§ Mr. Granville
I should like to reinforce the appeal made to the Chancellor by my hon. Friend the Member for Gorbals (Mr. Buchanan) to consider the case of professional football clubs. I believe they are in a very difficult way. Sometimes it is extremely difficult for them to get a team together; often they have to rely on getting a member of the Services at the last minute on the Saturday. Although the first, second and third divisions of the League have been abolished, these clubs are still in an extremely difficult way, yet they do afford a great deal of enjoyment to a large number of people. I am not thinking of the cup finals at Wembley, which are attended by Cabinet Ministers and the rest and are very big functions. I am thinking of the ordinary struggling professional teams which are trying to provide entertainment for men on leave from the Services and for munition workers on their Saturday afternoons. "Soccer" is one of our great national institutions, and though I shall not go into the merits of "Soccer" against "Rugger" or the Northern Union game, I hope the Chancellor will give some consideration to this important section of our national pastimes and see whether he cannot save some of the smaller professional clubs from going out of business altogether.
§ Mr. Messer (Tottenham, South)
I want to refer to one aspect of the Entertainments Duty in which the Chancellor might consider its effect upon very valuable work being done among our young people, in the development of amateur dramatic societies. There is an immense amount of expense and labour involved in that work and tremendous difficulty in getting money with which to meet the expense. An amateur dramatic association can only be kept in existence if its members know that their show is to be put on publicly. It is not sufficient inducement for them to go to all the trouble of rehearsals, etc., if there is not to be a public show. The show cannot be put on for a period, but usually only for one or two evenings, and if there are footlights at all, they are usually just fixed up for the purpose. When it comes to getting an audience, obviously the amateurs cannot compete with the professional 1760 shows. If the admission prices are too high they will compete with the professional shows, and the amateurs will not get an audience.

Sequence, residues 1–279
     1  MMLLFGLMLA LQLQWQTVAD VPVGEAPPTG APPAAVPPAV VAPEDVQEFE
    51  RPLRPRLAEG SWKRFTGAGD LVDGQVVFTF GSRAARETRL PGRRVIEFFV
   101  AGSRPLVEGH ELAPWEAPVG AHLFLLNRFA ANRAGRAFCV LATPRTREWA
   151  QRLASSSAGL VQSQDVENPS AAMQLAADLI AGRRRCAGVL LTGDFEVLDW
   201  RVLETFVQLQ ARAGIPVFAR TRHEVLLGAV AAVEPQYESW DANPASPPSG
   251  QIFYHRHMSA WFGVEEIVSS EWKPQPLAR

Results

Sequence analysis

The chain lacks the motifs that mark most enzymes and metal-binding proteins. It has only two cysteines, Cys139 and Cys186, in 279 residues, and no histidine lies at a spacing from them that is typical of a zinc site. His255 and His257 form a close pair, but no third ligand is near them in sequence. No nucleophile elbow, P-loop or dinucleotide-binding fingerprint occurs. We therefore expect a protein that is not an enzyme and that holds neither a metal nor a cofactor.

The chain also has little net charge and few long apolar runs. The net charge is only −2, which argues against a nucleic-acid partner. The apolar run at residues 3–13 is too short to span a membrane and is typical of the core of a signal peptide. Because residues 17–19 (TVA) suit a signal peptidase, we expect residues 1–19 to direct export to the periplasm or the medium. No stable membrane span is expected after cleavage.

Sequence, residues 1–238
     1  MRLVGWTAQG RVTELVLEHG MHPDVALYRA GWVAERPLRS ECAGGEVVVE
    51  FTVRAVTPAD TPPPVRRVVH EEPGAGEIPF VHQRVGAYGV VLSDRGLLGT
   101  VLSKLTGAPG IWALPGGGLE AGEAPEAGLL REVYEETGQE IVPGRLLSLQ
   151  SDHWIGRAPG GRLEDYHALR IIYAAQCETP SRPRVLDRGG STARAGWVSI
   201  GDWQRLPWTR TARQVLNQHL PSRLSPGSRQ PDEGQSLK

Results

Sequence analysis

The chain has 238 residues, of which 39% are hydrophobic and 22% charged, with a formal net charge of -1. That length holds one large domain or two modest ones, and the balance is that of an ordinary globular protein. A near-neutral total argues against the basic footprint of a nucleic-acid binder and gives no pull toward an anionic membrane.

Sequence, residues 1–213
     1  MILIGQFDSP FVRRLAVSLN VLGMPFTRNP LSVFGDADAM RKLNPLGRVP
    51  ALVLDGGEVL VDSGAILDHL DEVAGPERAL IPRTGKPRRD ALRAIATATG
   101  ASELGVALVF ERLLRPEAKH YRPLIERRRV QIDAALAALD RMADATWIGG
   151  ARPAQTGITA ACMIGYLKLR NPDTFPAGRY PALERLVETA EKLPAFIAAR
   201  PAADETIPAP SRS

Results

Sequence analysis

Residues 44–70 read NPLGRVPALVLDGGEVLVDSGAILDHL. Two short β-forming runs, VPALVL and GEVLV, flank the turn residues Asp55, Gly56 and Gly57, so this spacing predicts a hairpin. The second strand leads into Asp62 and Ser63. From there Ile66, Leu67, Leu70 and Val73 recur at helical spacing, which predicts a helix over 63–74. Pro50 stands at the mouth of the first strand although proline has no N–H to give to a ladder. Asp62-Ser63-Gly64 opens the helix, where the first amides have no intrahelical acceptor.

Because of those difficulties we do not get more of such shows. Some secondary school children who have helped to put on shows at school and have discovered that they have some measure of histrionic ability have been able to develop their powers of expression and would like to continue it after leaving school, but they often find the thing is far too expensive and difficult. The same is often true of church entertainments. These efforts may flourish for a time, but many of them soon die. It is my opinion that we are losing a very valuable addition to the education of the people. I think it is possible for us to reach a higher degree of culture. I believe the pleasure of life to be very largely found in culture. It is not what you do that matters in life, but the way in which you do it. The characteristics of the British people lend themselves to this very valuable asset of being able to enjoy each other's work. I ask the Chancellor of the Exchequer whether he can consider, in view of the fact that he gets so little out of the Entertainments Duty from these amateur societies, that he would be making a contribution to the national good by relieving them of the tax, and would be giving an inducement to people to continue to develop this very valuable activity.
I do not want to touch on the question, which has been so widely discussed, of juvenile delinquency and the activity that will be required to deal with it, but I do say that young people need something to occupy their minds. They want an interest. The interest which is of most value is that which they have as a result of their ability to express their desires. And because I believe there is educational value in the encouragement of the drama and of the appreciation of good music—not merely being able to appreciate good acting, but being able to take part in it—I believe there is a very valuable educational factor involved. I take this opportunity of bringing the matter to the attention of the Chancellor, because, speaking in broad terms, I believe he would get his money's worth in the benefit given to the people concerned, by letting these amateur shows be relieved of Entertainments Duty, if they proved that they were not run for profit.
§ Mr. Edmund Harvey (Combined English Universities)
I rise to support my hon. Friend in the plea that he has just made. I believe that the expense to the Treasury in granting this concession would be trifling, but the benefit of encouraging amateur performances would be immense. There is such a danger today that the amusements of people of all classes tend to be passive, while this is a creative type of recreation. Those engaged in amateur dramatics are actively exercising some of the finest faculties of their minds, and that ought to be encouraged in every way. It would not be right for us to make a plea to the Chancellor of the Exchequer at such a time if it involved considerable expense or serious loss to the Revenue, but if the safeguards provided that no profit should be made out of the amateur performances, there would be no possibility of serious leakage in the Revenue and very definite encouragement would be given to a form of recreation of the greatest educational value. I hope that my right hon. Friend will give very serious and sympathetic consideration to the pleas that have been made.